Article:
Obama team seeks to use Karzai visit to broaden ties
What a difference six weeks can make in the U.S.-Afghanistan relationship. When Afghan President Hamid Karzai comes to Washington this week, White House officials will welcome him with open arms, quite different than the scolding tone they took with him when President Obama went to Kabul in March. The White House knows it has to ...
What a difference six weeks can make in the U.S.-Afghanistan relationship. When Afghan President Hamid Karzai comes to Washington this week, White House officials will welcome him with open arms, quite different than the scolding tone they took with him when President Obama went to Kabul in March.
The White House knows it has to make nice with Karzai, who is crucial to the success of the Afghanistan mission. But the trip has also been set up to try to diversify ties with his government by welcoming a whole slew of Afghan cabinet ministers and officials and setting up meetings to cement connections outside the direct Obama-Karzai relationship.
"Next week is really the reciprocal visit for Obama’s March visit to Kabul," said the NSC’s Af-Pak special assistant Lt. Gen. Douglas Lute. But the difference in messaging between Obama’s March trip to Kabul and Karzai’s May trip to Washington is stark.
On Air Force One during Obama’s trip to Kabul, National Security Advisor Jim Jones established the tough love message on corruption, saying that Obama wanted Karzai to "understand that in his second term, there are certain things that have not been paid attention to, almost since Day 1," and that Karzai "needs to be seized with how important" the issue of corruption is.
But following Obama’s visit, Karzai lashed out at the Americans, accused the U.S. and the UN of engineering the massive fraud of his own election, and threatened to join the Taliban if the West didn’t treat him nicely.
The Obama administration moved quickly to stem the bleeding and put the messaging about the relationship back on the right track.
"We believe that we are on a encouraging glide path in Afghanistan," Jones told reporters aboard Air Force One on the way back to Washington April 9, adding that Karzai "will prove himself over time as we tackle all of these important issues to be very reliable and is very appreciative of everything that we’re doing."
Not many outside the administration are convinced Karzai is showing actual improvement.
"The problem is that we clearly have a flawed partner in Mr. Karzai and his government, and it’s not at all clear that the situation’s improving," said Council on Foreign Relations President Richard Haass. "To the contrary, it seems to be deteriorating."
Some argue that the administration should keep up its mix of carrots and sticks until Karzai is actually pressured enough to make reforms.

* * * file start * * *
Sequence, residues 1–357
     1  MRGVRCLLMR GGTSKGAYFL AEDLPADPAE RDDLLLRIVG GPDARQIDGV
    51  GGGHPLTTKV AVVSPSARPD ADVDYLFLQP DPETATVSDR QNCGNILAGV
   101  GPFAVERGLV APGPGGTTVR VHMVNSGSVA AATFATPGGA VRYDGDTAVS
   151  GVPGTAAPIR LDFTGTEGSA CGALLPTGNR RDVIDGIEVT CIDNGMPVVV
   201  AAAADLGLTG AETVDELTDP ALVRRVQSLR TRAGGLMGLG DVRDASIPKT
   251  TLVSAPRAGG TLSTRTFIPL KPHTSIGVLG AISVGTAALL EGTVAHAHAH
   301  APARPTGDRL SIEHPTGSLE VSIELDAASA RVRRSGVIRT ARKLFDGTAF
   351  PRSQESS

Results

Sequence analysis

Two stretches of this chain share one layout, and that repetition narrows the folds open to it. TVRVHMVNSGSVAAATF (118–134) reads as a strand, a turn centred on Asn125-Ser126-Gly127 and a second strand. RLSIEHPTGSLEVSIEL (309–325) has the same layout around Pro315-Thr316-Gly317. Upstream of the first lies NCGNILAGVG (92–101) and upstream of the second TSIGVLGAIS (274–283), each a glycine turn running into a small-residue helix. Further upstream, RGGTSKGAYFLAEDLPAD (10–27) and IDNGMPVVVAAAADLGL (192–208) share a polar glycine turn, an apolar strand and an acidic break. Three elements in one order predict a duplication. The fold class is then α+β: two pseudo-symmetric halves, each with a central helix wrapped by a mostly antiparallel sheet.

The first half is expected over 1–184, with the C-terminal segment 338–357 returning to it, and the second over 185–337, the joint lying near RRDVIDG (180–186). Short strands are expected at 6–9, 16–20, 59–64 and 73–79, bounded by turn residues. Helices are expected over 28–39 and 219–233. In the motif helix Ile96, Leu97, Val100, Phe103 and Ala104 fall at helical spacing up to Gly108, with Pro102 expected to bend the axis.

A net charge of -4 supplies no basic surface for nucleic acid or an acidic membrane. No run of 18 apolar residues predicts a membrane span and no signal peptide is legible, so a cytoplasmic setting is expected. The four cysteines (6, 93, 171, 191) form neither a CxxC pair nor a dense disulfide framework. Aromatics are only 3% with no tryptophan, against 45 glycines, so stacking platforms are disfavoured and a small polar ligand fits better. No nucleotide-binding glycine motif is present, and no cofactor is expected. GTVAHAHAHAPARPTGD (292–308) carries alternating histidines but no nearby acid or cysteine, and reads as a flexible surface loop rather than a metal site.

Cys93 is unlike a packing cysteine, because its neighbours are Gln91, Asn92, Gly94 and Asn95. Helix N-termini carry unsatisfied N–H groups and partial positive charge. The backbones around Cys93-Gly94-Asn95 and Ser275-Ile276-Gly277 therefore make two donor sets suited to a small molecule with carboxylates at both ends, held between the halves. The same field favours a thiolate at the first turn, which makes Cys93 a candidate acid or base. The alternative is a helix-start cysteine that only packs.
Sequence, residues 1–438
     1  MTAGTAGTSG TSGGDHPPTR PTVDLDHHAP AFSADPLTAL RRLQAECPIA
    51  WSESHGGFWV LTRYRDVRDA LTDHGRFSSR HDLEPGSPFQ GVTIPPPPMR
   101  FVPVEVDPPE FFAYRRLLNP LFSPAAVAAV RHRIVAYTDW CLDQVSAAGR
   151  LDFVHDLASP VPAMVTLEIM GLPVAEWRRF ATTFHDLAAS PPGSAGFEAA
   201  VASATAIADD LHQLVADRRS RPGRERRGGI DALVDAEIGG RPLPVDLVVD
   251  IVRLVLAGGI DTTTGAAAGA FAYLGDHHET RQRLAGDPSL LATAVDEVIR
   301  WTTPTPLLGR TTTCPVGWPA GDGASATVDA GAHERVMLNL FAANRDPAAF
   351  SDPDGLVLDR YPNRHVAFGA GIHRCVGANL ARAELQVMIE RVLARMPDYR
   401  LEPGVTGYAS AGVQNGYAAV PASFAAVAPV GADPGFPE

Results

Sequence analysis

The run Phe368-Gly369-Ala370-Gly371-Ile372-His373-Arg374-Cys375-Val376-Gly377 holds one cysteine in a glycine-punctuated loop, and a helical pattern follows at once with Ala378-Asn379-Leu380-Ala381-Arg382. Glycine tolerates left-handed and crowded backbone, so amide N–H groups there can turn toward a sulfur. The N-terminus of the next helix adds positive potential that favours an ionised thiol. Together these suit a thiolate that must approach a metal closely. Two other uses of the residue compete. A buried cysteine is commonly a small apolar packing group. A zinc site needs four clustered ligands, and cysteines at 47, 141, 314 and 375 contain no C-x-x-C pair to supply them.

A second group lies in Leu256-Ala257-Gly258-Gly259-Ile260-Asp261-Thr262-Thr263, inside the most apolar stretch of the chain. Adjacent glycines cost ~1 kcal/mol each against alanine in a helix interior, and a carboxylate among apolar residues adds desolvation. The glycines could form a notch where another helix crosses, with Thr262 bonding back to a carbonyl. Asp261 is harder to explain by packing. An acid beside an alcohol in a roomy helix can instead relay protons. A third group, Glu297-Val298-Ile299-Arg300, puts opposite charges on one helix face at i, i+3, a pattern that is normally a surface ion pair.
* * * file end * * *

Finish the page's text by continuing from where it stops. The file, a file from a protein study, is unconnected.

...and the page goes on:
"Without a strong natural constituency or powerful military to call his own, President Karzai cannot afford to alienate many of his political partners," CNAS’ Andrew Exum wrote in a new report last week. But Exum also pinpointed a problem with that strategy, namely that the U.S. has no choice but to stick with Karzai no matter what he does."The United States and its allies cannot hedge against Karzai by courting alternatives because no palatable alternatives exist," Exum wrote.
So the Obama team decided to invite Karzai’s entire cabinet to Washington, to try to stem the volatility of a relationship based on interactions with one erratic man.
"We want to underscore with this visit the development of a very broad strategic partnership," explained deputy national security advisor Ben Rhodes, adding that the broad participation "serves to underscore the breadth of the relationship."
Karzai will be bringing his ministers of defense, interior, agriculture, development, reconciliation, and others. After arriving on Washington on Monday, he’ll kick off a set of State Department meetings with some public remarks with Secretary of State Hillary Clinton on Tuesday morning.
Wednesday will be the White House day, and Karzai will get significant time with President Obama in the Oval Office while his other ministers meet with their various interlocutors. On Thursday, Karzai goes to the think tanks, with one public event with Clinton at the U.S. Institute of Peace.
But while the Obama administration is clearly trying to establish ties with Karzai’s ministers and associates, they are steering clear of his opponents. When Abdullah Abdullah, who ran against Karzai in the presidential election, comes to DC the week after Karzai, he will get no love from the administration at all.
"He’s coming as a private citizen and being hosted by private organizations, not by the U.S. government," said Lute, "To my knowledge he is not meeting with any U.S government officials at an official capacity.